It may surprise many people (including history-impaired ones like me) that Rosa Parks was not the first woman to refuse giving up her seat on a bus in racially segregated Montgomery, Alabama. Phillip Hoose has earned the 2010 National Book Award for this book which chronicles the life of a teenaged girl (much in her own words) who felt embarassed and outraged at the treatment black people received from whites as well as other blacks.
All of a sudden it seemed such a waste of time to heat up a comb and straighten your hair before you went to school. So I just quit doing it. I felt very emotional about segregation, about the way we were treated, and about the way we treated each other. I told everybody, "I won't straighten my hair until they straighten out this mess."
It was the law in Montgomery that black people had to give not just their seat, but a whole row occupied by black people, to a white person.
Rebellion was on my mind that day. All during February we'd been talking about people who had taken stands. We had been studying the Constitution in Miss Nesbitt's class. I knew I had rights. I had paid my fare the same as white passengers. I knew the rule - that you didn't have to get up for a white person if there were no empty seats left on the bus - and there weren't. But it wasn't about that. I was thinking, Why should I have to get up just because a driver tells me to, or just because I'm black? Right then, I decided I wasn't gonna take it anymore. I hadn't planned it out but my decision was built on a lifetime of nasty experiences.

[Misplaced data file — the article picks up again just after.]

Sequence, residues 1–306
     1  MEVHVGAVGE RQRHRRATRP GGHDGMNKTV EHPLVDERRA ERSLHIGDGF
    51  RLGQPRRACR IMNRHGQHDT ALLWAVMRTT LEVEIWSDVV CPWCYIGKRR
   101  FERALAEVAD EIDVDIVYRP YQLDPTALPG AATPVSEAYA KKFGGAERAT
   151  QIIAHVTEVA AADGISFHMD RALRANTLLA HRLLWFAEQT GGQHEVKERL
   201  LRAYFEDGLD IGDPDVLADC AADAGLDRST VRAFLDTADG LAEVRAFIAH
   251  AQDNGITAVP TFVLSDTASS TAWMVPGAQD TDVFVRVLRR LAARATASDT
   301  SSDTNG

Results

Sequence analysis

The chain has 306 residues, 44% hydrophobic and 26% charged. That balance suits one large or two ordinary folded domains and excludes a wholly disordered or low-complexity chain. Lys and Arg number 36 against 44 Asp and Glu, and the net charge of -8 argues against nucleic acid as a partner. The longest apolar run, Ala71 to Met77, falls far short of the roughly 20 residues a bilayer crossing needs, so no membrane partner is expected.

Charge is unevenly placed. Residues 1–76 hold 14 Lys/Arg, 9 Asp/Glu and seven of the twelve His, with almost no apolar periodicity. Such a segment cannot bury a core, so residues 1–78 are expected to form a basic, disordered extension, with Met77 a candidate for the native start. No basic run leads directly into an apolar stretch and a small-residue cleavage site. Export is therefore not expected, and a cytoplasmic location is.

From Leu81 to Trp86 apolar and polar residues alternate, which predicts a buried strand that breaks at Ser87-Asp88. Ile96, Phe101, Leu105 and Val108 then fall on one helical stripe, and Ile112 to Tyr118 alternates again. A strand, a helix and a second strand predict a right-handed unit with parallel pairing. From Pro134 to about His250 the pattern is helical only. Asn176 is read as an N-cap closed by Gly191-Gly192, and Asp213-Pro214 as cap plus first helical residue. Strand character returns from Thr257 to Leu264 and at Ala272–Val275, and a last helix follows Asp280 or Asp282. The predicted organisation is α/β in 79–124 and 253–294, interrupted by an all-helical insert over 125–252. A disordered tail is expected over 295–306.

The rest of Claudette's story, along with pictures and sidebars telling about others involved in the struggle, give a vivid picture of what it was like at that time and how segregation was overturned. The strength and solidarity of the black community during the bus boycotts was amazing. Of particular interest is how Claudette felt her credibility was hurt by her pregnancy.
I highly recommend this book to history buffs and wannabe rebels.
My rating for this book: +++++